You’ve made it! It’s our final week in our moving through depression series. So far we’ve discussed the importance of:
This last week is an important one. Perhaps one of the most debilitating parts of depression is the incessant “why?”
What’s the point? is one of the most painful questions we can ask ourselves, primarily because it insinuates that there isn’t one. What comes next is what I call the darkness. This is where suicidal thoughts run rampant and we tuck further and further into our despair. Don’t forget, there is help.
First, let’s talk about how to find your passion. It doesn’t have to be a hard process. In fact, it should be a fun, heart opening, exciting process. What is passion? Passion is defined as a “strong and barely controllable emotion.” Whoo. Yes. Passion is like fire, it ignites and takes over your senses. When you find passion you can lose your sense of time, entering into a flow state. Flow is that experience where your mind becomes hyper focused (especially on your senses), time disappears, and you feel an immense sense of calm and happiness.
Talk about a depression fighter!
Here are some ideas for finding your passion:
- What is something that excites you? (duh – but a good place to start!)
- What do you spend your time researching and reading about (books, magazines, online, social media, hashtags you follow, etc)? See any themes?
- What do you find yourself inexplicably and repeatedly drawn to? Art? Music? Dance? Helping others? Outdoors? Competition? Animals? Parenting? Event Planning? Travel? Crafts? DIY?
- Look at your local library or in your neighborhood for opportunities to take classes, join clubs, or meet up with others to try new activities (and maybe see if one of them sparks!).
There are a lot of people out there who will tell you how to cognitively find your passion by thinking through the steps and blah blah blah. I’m not one of those people.
Passion is not of the mind, but of the heart. There is little your mind can do in this process, and most often it actually stands in the way. “Yeah, I like ______, but there’s no way I could/have time/resources/money to do it.” Mind = not helpful. My hope is you go around, heart open, and see what breathes fresh air into it. Then, do more of that.
If you’re deep in the thick of it, you might have to do things you cognitively know you like, without the deep sense of peace and happiness. For most clients, I’ve seen this last anywhere from 2-8 months. Keep in mind, you have to keep doing these things (and all the steps of moving through depression). Over the course of those months, you’ll slowly begin to pull out of the mud (it isn’t that at six months you wake up and suddenly enjoy everything!).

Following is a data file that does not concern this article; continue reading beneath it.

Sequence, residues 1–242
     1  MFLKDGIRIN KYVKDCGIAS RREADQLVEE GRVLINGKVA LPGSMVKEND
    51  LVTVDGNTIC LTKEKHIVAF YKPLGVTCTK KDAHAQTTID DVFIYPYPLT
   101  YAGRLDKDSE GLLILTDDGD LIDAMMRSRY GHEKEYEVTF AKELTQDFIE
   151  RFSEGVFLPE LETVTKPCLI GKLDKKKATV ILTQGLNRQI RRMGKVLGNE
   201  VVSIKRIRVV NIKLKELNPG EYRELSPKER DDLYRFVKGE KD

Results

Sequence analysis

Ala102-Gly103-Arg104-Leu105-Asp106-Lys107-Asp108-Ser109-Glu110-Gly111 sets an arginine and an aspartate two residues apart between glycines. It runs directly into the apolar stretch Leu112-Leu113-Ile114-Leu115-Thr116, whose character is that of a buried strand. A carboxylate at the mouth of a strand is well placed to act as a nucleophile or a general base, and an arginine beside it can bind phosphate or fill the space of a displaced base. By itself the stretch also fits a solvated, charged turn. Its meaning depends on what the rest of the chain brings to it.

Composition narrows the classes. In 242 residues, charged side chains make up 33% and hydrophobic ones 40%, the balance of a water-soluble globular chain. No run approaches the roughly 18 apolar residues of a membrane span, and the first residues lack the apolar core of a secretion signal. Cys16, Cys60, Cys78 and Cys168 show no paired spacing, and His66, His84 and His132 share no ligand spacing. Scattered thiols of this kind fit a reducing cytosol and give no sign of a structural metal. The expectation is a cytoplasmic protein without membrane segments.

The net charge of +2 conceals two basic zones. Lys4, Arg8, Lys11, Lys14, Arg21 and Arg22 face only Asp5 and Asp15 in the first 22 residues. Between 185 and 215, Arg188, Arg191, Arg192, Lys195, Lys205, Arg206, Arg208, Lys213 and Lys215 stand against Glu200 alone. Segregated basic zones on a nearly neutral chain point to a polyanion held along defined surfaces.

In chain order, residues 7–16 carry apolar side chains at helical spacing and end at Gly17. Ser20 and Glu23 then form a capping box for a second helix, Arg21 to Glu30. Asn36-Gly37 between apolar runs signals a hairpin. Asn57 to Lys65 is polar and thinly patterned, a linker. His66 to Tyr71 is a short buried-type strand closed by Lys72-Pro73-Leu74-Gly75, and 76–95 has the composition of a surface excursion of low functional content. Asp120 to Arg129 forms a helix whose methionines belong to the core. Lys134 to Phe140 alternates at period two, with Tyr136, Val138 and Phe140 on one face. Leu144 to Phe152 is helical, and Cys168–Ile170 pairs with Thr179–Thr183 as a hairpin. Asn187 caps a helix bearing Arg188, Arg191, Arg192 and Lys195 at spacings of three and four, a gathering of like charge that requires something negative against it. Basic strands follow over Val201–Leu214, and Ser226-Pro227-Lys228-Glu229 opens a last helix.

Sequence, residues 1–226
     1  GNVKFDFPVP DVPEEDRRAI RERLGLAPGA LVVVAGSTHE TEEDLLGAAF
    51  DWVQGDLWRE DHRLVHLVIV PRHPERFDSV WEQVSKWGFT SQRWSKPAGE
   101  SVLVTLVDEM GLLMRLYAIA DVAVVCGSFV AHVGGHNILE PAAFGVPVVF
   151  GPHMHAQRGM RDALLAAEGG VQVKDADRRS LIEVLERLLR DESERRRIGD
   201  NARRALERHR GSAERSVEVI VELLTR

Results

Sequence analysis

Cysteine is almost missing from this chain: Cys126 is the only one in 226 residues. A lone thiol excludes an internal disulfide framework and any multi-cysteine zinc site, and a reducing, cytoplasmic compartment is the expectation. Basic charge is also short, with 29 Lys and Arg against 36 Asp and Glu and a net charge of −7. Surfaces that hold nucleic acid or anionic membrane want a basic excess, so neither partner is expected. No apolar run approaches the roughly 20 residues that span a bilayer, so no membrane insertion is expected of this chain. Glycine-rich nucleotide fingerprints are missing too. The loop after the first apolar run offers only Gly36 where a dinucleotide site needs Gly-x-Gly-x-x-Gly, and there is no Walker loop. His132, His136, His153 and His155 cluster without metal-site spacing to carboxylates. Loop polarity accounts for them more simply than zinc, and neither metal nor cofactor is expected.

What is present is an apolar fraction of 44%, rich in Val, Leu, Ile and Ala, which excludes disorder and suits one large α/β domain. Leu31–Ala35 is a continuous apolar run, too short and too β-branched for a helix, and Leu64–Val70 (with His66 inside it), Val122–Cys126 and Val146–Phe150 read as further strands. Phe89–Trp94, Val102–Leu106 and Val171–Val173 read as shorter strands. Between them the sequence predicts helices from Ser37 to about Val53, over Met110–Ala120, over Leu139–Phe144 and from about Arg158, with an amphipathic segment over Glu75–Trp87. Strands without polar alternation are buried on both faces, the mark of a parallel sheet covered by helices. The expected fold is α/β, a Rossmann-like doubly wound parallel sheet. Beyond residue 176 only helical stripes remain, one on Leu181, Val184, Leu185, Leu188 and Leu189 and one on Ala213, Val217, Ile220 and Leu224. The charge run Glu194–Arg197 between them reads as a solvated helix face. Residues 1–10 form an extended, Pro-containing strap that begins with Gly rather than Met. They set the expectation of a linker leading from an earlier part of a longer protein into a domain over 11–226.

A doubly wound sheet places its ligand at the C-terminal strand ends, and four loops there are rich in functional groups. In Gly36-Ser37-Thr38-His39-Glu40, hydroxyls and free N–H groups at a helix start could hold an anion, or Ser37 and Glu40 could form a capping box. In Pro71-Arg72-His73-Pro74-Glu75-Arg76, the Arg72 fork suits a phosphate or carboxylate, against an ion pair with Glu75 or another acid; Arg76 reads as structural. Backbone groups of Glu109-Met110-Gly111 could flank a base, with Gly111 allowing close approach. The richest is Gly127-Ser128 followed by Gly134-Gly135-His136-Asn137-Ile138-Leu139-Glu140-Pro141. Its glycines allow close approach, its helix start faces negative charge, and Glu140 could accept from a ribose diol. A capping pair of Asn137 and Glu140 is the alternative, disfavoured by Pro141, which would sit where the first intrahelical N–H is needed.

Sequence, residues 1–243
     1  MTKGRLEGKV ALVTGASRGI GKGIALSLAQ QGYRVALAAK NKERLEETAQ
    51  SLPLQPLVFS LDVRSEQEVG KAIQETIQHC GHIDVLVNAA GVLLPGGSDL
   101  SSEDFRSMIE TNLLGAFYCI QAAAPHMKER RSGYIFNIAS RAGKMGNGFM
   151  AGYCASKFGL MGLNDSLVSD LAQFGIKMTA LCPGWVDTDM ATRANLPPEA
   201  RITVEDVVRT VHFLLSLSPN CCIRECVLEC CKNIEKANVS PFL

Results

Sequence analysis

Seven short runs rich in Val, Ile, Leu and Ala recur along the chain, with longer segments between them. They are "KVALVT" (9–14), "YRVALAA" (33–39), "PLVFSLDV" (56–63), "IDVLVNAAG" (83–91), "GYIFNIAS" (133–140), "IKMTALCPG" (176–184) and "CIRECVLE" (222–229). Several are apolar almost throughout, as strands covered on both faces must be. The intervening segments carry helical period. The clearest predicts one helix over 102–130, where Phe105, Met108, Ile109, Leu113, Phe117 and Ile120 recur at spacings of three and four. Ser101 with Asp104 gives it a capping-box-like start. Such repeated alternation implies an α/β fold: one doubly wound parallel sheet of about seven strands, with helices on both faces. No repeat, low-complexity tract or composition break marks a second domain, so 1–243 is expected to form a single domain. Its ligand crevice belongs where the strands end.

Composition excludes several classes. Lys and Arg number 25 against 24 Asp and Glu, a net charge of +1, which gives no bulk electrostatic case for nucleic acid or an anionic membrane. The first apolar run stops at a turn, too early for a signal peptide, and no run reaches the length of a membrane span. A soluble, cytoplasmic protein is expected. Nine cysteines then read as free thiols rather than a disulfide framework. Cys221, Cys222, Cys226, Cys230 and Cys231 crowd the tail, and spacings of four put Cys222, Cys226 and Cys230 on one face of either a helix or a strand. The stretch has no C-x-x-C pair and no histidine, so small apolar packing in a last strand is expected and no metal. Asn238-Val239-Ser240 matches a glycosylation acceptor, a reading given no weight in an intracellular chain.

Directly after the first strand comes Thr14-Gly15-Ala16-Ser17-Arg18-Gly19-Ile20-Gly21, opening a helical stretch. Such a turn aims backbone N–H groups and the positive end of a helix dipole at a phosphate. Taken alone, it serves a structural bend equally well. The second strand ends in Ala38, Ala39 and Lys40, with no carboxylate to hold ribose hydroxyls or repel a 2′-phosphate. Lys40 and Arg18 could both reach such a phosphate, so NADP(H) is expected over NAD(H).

Once you know your passion, you have to value it. Simply knowing your passion without valuing it is like walking up to the right door and not having the key to unlock it. We value our passions by carving out time for them, nurturing them, and enjoying them without judgement of how often or how well we do them. We engage in our passions for the simple pleasure of doing them, knowing that they are as important as any chore or job that is to be done.
Often in passion we end up finding purpose. Our purpose is in broader terms than our passion. Our purpose may be to bring the world beauty, joy, knowledge, or to reduce suffering. Purpose, like passion, is not something you can find by thinking about it. It can be felt in times when you’re quiet inside, sometimes because the world outside you is quiet, others because it is chaos. If you glimpse your passion or purpose for even a second, appreciate that. Try not to let yourself get frustrated it was only a moment. It’s a moment more than you had, and the more you work to open up to yourself and your heart, the more those moments will come. And the longer they’ll last.
The path through depression is a difficult one. It is one that takes time, repetition, and perseverance. I typically tell people to anticipate two years before they’re able to make a new behavior feel natural (that’s about how long it takes to prune one behavior pathway and build a new, solid one in your brain). If you’ve only been struggling with depression a few weeks or months, it most likely won’t take that long. But if you’ve been in the darkness for longer than you can clearly remember, it might. It’s normal, difficult, and absolutely possible.
I believe in you.
And if you need a little help, reach out.
Until next time,